Bank Islam Malaysia Bhd believes Budget 2021, which will be tabled on November 6, will be formulated to take into account the current economic situation that is still fragile even though it has shown encouraging signs of recovery.
Chief executive officer Mohd Muazzam Mohamad said the Government’s recent move to increase its debt ceiling from 55 per cent of the Gross Domestic Product (GDP) to 60 per cent, would definitely give it some flexibility to manoeuvre an expanded fiscal policy to further boost the economic recovery.
“With that, the steps to be introduced is hoped to be able to help reduce the burden of businesses and Malaysians in general, particularly those in the Bottom 40 per cent income group (B40) and the Middle 40 per cent group (M40).
“Besides that, emphasis on capacity building specifically on upskilling exercise as well to create job opportunities should also be the main focus of the upcoming Budget,” he told Bernama.
Bank Islam has projected the country’s GDP for 2021 to grow at 6.2 per cent compared with an expected contraction of 4.0 per cent this year due to the impact of the COVID1-19 pandemic.
On the back of this scenario, Mohd Muazzam said for Budget 2021, the bank expected the Government to consider increasing the expenditure to stimulate the growth of economic sectors and people who are still affected by the pandemic.
“Focus must be given to minimise the effects of the pandemic on Small and Medium Enterprises (SME) and individuals that have lost their source of income,” he said.
Citing the Statistics Department report that the country’s unemployment rate in August 2020 was at 4.7 per cent or 741,600 individuals who are not working, he said it showed that the country is not operating at full employment.
On that note, he opined the Wage Subsidy Programme (WSP) must be continued to further incentivise the employers in the SME sector to maintain their workers.
Apart from that, Bank Islam also wished to see Budget 2021 prioritising an increase in entrepreneurial training and explore the potential of agrofood sector.
“The retraining programme for entrepreneurs must be widened to encourage the people affected by COVID-19 to join the business segment.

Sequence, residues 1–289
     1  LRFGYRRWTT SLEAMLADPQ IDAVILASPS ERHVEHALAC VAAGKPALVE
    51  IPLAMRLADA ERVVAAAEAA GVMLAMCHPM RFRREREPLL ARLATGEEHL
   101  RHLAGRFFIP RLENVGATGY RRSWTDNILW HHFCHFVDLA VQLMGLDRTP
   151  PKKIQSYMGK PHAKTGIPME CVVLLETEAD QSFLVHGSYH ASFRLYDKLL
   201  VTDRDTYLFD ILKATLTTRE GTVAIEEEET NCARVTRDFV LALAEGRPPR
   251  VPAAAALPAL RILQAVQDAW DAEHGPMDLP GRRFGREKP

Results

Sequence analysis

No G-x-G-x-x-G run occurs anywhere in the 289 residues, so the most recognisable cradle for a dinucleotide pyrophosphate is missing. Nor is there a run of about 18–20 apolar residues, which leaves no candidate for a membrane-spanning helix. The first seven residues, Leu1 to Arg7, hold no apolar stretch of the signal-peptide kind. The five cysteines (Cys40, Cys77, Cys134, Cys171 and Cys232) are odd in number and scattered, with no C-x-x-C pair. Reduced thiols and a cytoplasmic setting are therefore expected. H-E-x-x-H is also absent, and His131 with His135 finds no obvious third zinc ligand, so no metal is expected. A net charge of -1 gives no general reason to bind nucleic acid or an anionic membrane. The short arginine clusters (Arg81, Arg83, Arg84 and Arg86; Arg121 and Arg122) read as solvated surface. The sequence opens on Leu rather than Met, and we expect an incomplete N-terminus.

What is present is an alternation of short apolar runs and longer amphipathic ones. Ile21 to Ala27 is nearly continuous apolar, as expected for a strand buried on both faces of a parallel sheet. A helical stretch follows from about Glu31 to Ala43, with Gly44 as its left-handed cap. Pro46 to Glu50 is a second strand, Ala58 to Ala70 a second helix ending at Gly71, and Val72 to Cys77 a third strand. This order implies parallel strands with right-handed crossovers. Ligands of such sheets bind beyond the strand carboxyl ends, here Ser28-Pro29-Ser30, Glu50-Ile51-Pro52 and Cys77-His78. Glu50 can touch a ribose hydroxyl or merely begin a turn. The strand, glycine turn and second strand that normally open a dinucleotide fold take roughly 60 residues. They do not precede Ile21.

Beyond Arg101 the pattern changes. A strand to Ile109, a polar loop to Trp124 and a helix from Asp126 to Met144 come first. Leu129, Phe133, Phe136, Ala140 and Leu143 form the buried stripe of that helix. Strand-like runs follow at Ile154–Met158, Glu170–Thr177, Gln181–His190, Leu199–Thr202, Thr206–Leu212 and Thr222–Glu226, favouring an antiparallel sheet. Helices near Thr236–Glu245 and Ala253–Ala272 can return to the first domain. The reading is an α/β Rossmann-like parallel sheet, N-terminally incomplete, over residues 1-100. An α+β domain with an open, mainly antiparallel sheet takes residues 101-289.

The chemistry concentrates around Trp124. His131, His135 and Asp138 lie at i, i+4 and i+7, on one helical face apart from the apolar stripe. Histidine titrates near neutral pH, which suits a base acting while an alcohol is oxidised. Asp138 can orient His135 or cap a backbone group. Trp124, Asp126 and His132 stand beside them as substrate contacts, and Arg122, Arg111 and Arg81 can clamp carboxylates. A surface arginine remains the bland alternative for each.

“One of the potential sectors that encourage entrepreneurial activity is the agrofood sector. This is because the country depends a lot on imported produce to fulfil domestic demand,” he said.
In 2019, the total import of agrofood amounted to RM51.5 billion while exports was about RM24.1 billion, showing a trade deficit of RM17.4 billion for this sector, he said.
Mohd Muazzam also highlighted that the self sufficiency ratio for some main agrofood products was low, among them ginger and chilli, which were at 16.2 per cent and 30.8 per cent, respectively, in 2019, while the lamb and beef produce were at 12.1 per cent and 23.7 per cent, respectively.
“Bank Islam sees this situation as a chance for those affected to join in the agriculture segment due to high demand.
“If this is run properly, Malaysia can produce more entrepreneurs who are competitive, as well as guaranteeing the improvement in the country’s food security,” he said.
In another development, he said Bank Islam would also like to see more efforts to integrate the Islamic economic system into the mainstream economy to further drive economic growth.
In this context, Bank Islam’s iTEKAD, a micro financing programme designed to help finance micro industries and individuals under B40 and asnaf to achieve sustainable income and financial resiliency in facing the impact of COVID-19 pandemic, must be widened to other states, he said.
Bank Islam, which initiates this programme, are working together with the implementation partners such as the State Islamic Religious Councils (MAIN) to help these eligible micro entrepreneurs, he added.
This is to ensure a more inclusive economic recovery as the programme was designed to combine with social financial funds such as zakat or sadaqah (charity) especially for the purchase of equipment and tools for the recipients.
“However, the expansion of iTEKAD needs the encouragement from the Government so that MAIN can work together with Bank Islam, which is ready to mediate with the councils to ensure that the programme in all states will realise its economic advantages,” he said.
On the other hand, Bank Islam also hopes that the Government will put in motion the incentive mechanism for tax waiver for the payment of cash waqf which was announced in Budget 2020.
“However, despite the announcement by the previous Finance Minister, the implementation at the Ministry level and Inland Revenue Board has yet to materialise,” he said.
“The tax waiver incentive can drive the growth of cash waqf industries which later can be channelled into projects that can improve economic competitiveness.
“Bank Islam sees this agenda as an effort that can play an important role in improving the people’s economy in Malaysia. It is inclusive and capable of playing a complementary role to the fiscal policy if the funds collected can reach a critical mass,” he added. — BERNAMA